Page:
Finance minister Tito Mboweni at the press conference before he delivered his 2019 budget speech (Gallo Images, Brenton Geach)
- Without reforms, SA’s debt levels are expected to exceed 100% of GDP in three years and peak at 140.7% of GDP before the end of this decade.
- But Moody’s is doubtful of SA’s track record in reducing government debt and budget deficits.
Moody’s says South Africa’s track record in reducing government debt and budget deficits shows that the country will struggle to fulfil Finance Minister Tito Mboweni’s promise to stabilise its debt levels within the next three years.
In the adjustment budget tabled on Wednesday, Mboweni presented an “active scenario” in which government would actively reduce spending and enact economic reforms that will help the country narrow the budget deficit so that debt peaks at 87.4% of GDP by 2023/24. If nothing is done, SA’s debt levels are expected to exceed 100% of GDP in three years and peak at 140.7% of GDP before the end of this decade.
To achieve the favourable “active scenario” outcome, SA will require a reduction in government expenditure and/or increase tax revenues in the country so that government debt levels fall by R250 billion. However, Moody’s says SA will be constrained by its “fiscal rigidities” and its meagre growth outlook which will make it hard to reach this target.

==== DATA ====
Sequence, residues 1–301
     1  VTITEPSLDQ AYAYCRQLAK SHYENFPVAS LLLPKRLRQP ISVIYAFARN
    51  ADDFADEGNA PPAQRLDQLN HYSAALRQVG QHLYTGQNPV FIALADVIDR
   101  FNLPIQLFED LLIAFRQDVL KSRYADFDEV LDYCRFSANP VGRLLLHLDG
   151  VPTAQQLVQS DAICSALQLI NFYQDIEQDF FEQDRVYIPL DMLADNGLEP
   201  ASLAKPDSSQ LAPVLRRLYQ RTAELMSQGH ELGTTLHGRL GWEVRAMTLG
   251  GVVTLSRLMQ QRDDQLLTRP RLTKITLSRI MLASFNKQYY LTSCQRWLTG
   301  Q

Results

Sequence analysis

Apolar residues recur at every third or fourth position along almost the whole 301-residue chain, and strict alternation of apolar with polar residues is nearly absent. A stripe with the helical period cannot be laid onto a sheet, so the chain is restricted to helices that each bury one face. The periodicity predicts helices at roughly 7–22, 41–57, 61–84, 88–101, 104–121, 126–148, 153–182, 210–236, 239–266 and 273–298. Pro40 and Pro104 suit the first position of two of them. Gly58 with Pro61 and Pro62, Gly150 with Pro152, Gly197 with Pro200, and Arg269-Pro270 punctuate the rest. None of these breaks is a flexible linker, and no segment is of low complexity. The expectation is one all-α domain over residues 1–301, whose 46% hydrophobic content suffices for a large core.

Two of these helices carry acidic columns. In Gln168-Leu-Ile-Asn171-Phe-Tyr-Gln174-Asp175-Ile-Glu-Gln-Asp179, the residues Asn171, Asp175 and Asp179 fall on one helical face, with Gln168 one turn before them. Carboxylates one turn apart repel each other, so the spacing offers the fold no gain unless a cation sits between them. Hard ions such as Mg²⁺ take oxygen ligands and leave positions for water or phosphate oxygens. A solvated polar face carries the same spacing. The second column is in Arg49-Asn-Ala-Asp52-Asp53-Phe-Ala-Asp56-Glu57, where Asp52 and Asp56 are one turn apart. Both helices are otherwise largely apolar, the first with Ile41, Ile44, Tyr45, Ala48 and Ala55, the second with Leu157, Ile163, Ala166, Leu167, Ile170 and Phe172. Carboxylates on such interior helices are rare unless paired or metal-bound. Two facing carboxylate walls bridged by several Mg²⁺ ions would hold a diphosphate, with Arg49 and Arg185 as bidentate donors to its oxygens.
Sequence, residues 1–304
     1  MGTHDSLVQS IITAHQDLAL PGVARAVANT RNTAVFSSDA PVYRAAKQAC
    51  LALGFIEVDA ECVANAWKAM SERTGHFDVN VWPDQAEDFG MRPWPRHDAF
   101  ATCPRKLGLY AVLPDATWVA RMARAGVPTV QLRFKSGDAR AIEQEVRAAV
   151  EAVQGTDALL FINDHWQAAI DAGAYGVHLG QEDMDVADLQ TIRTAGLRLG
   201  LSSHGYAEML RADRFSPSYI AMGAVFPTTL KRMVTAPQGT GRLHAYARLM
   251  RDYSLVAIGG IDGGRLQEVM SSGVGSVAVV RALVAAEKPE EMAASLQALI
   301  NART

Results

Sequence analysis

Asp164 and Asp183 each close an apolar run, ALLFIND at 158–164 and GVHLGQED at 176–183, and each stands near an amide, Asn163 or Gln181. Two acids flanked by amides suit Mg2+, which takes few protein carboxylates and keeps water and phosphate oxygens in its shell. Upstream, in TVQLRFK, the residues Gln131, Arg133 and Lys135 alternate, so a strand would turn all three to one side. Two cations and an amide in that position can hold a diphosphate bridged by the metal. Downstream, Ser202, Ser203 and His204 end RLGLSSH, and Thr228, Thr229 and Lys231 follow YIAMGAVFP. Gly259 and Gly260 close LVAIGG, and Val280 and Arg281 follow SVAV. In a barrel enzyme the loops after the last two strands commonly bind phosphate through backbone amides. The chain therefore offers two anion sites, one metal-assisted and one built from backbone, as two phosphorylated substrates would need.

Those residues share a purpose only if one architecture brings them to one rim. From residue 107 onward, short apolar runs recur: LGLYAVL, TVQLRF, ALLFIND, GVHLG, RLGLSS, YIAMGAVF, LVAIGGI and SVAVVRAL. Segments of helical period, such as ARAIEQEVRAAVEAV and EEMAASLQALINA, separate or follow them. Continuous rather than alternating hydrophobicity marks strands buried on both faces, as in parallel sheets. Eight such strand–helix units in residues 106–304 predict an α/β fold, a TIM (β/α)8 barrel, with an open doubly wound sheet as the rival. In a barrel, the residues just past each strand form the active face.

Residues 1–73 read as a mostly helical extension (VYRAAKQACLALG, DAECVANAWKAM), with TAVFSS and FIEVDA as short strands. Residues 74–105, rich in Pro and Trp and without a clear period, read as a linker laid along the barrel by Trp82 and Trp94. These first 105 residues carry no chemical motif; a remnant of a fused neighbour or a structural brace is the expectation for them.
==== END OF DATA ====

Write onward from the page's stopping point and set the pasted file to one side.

“Given South Africa’s weak track record of fiscal consolidation in recent years and the weak medium-term economic outlook, debt stabilisation by 2023 will be very difficult to achieve,” said the agency on Thursday night.
Some economists in the country agree. Johann Els, chief economist at Old Mutual, said the Finance Minister made no mention of any policy changes to fast track the fiscal consolidation mentioned in the budget.
“Apart from a reference in the speech that the State will be implementing policy changes highlighted in Treasury’s 2019 policy document, no new policy measures to address growth were announced, which in my view was very disappointing,” said Els.
Instead, Mboweni revealed that SA’s gross tax revenue is expected to fall by R304 billion or 6% of GDP this year compared to the previous fiscal year. A shrinking tax base as more people lose their jobs during the current lockdown means that fiscal consolidation through increased tax revenue will be a challenge for the country. As such, government will need to reign in the deficit through spending cuts, said Els.
Moody’s said the speed at which the government recovers its revenue intake and curbs the debt spiral will drive SA’s creditworthiness.